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Can regulators have simple licencing conditions for sub-scale financial companies?

Srinath Sridharan     March 31, 2021

That the financial services sector is regulated and under the "licence-format" is well-known. This includes banks, non-bank lending entities, ARCs, mutual funds, wealth management firms, insurance companies, microfinance institutions, and payment entities.

The widely held perception that the licence is worth a valuation-premium is misplaced.

Almost every financial services brand that expanded into multiple other financial services spaces, had this "license-scarcity" mentality and got into those businesses. Of course, the strategic pitch to their investors in explaining the diversification could have been - "to capture the share of wallet of the consumers &/or to offer complete financial products needed by the over 1.2 billion Indians".

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Needless to say, consumer behaviour when it comes to borrowing ("taking money") is very different from when it comes to "investing" ("giving money"). So obviously, unless there is a strong brand-pull and superior product(s), the consumers don't use the same brand for all their financial needs.

Many of such companies in the Indian financial services space have sub-standard operations &/or sub-scale business volumes, that it does not make economic sense for them to be in that business at all. And it does not solve anything for the consumers' financial needs. Sub-scale companies cannot afford to attract cutting-edge talent and hence the consumers end up paying a heavy price. If the sponsors of these sub-scale companies are further low in their ability to bring additional equity capital, greater issues arise.

Most BFSI sectors also have their own industry associations. The usual thumb-rule works in favour of big-boys who dominate the industry with their sheer size and share of consumer acquisition. Smaller entities may not have the necessary influencing power to voice their opinions or even to share their business challenges.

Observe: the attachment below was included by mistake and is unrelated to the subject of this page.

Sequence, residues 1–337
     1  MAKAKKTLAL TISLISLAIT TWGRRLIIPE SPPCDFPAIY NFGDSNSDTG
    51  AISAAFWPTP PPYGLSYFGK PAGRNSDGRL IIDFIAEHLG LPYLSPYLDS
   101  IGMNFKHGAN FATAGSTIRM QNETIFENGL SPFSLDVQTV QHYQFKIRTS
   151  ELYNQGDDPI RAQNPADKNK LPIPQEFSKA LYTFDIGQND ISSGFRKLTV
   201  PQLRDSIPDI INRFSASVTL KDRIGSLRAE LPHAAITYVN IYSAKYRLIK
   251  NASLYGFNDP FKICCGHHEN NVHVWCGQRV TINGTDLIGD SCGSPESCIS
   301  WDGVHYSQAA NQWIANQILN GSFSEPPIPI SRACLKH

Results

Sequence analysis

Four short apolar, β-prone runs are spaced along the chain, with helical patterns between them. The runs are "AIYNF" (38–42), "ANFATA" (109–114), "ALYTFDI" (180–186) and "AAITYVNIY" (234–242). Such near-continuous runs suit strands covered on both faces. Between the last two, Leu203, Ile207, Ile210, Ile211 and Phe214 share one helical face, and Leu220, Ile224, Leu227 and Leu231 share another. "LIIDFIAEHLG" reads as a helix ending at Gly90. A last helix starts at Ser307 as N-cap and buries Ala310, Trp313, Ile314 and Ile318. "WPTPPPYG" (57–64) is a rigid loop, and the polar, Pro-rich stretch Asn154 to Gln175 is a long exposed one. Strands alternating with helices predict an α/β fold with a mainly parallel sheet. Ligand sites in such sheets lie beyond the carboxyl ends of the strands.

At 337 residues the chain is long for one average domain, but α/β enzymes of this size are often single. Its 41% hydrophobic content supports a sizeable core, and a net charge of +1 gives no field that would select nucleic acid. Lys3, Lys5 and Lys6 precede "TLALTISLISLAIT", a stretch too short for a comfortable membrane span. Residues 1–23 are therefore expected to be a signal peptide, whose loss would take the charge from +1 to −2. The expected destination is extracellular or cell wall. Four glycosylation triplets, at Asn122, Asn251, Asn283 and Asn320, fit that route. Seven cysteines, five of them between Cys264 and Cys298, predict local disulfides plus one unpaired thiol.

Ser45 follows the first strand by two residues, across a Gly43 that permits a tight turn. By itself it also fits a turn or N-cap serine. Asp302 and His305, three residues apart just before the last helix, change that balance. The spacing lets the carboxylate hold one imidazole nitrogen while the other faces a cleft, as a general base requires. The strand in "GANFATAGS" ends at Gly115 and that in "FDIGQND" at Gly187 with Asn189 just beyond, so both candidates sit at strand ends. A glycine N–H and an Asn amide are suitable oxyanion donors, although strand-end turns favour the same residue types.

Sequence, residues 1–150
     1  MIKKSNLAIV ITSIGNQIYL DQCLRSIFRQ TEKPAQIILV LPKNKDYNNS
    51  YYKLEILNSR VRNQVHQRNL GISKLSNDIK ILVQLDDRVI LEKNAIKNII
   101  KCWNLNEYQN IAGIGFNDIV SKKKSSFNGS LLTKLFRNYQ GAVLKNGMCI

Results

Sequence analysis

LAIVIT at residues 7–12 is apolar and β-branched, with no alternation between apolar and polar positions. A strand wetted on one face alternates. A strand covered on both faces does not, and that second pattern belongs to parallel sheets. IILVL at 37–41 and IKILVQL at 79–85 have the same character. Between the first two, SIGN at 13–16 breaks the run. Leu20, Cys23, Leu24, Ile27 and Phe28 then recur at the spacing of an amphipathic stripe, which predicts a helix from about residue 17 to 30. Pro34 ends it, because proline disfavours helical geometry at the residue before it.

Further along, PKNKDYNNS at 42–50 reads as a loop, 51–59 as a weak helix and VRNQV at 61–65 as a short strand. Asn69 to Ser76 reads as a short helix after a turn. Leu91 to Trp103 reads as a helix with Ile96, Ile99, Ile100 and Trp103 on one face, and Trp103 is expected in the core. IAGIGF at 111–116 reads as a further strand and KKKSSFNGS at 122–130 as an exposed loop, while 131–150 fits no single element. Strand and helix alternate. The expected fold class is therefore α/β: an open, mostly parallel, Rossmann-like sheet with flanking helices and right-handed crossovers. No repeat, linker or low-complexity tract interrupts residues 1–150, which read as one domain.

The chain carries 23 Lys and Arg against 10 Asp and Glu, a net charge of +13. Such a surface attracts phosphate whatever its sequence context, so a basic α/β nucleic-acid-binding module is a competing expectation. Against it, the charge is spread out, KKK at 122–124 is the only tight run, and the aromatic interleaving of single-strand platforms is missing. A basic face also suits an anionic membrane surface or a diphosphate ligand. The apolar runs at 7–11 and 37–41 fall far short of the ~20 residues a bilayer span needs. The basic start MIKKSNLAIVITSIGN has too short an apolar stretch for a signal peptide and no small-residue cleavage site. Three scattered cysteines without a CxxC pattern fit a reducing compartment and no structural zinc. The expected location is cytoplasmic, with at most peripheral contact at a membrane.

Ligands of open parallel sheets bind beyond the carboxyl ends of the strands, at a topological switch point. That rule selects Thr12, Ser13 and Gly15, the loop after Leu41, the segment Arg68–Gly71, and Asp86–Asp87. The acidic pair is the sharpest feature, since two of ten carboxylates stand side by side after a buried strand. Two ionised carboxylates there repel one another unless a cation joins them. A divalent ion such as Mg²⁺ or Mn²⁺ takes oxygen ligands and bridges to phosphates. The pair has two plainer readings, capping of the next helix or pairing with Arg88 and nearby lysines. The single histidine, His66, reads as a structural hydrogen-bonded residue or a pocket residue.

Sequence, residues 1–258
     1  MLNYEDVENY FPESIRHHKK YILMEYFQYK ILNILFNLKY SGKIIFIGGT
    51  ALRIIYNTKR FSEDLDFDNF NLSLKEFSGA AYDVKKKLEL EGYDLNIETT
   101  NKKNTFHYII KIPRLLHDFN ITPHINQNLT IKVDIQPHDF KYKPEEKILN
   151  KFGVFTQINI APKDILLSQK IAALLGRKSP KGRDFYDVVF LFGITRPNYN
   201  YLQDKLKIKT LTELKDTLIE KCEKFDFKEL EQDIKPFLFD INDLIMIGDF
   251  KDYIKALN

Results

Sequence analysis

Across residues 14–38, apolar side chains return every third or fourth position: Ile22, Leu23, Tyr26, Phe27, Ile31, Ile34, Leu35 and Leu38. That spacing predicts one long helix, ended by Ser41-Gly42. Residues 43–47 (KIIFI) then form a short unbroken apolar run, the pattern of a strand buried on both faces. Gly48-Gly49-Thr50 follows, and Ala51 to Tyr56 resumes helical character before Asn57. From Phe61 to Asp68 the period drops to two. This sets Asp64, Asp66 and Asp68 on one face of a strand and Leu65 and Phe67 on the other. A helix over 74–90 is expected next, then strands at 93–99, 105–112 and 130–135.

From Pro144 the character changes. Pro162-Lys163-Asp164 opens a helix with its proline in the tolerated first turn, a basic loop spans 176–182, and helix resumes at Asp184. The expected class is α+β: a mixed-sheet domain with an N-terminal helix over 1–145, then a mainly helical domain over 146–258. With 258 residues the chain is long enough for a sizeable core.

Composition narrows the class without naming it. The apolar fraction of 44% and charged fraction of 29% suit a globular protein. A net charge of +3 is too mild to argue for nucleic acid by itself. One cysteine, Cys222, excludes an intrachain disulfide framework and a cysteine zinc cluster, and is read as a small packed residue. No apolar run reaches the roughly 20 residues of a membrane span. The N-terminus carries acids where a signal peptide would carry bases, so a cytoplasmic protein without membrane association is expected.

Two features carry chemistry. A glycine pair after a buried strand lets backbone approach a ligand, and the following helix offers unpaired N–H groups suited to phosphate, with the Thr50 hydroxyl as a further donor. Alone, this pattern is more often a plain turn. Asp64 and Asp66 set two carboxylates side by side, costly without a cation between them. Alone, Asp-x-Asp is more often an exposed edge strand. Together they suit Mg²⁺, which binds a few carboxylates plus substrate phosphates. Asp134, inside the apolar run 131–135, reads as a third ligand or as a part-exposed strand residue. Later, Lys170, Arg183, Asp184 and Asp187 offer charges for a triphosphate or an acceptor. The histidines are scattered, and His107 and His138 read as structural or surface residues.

Regulatory idea

For BFSI regulators and supervisors, their responsibility includes handling these sub-scale businesses too. It would take similar effort, trained (and much scarce) supervisory manpower, time, and cost to regulate and supervise these entities, compared to large-scale businesses. A consumer-friendly regulator has to solve all consumer issues regarding any of their industry brands - irrespective of their scale of business.

Also Read: Soon, AI-based robots to replace financial advisers: Oracle study

Regulators are also expected to steer the sector towards stable growth, in a way to better the offerings for consumers. In this endeavour, the regulators would want to increase financial literacy, build industry scale, product choices, and a talented sector that can contribute to national economic growth and social development.

To be efficient for all stakeholders' benefit, can the financial services regulators have simple licencing conditions?

"If the industry-entrants (licence applicants) don't achieve certain business scale within a set time (say five years), do those sponsors lose their sponsor status and have to compulsorily merge their current-ops into an existing player to achieve a certain scale?"

This would ensure the attention and seriousness of business-sponsors in choosing the right talent and business model mix, be prudent about capital allocation, and focused on consumer insights of their financial product needs.

Mere license-hoarding won't help anyone.

(The author is an independent markets commentator.)

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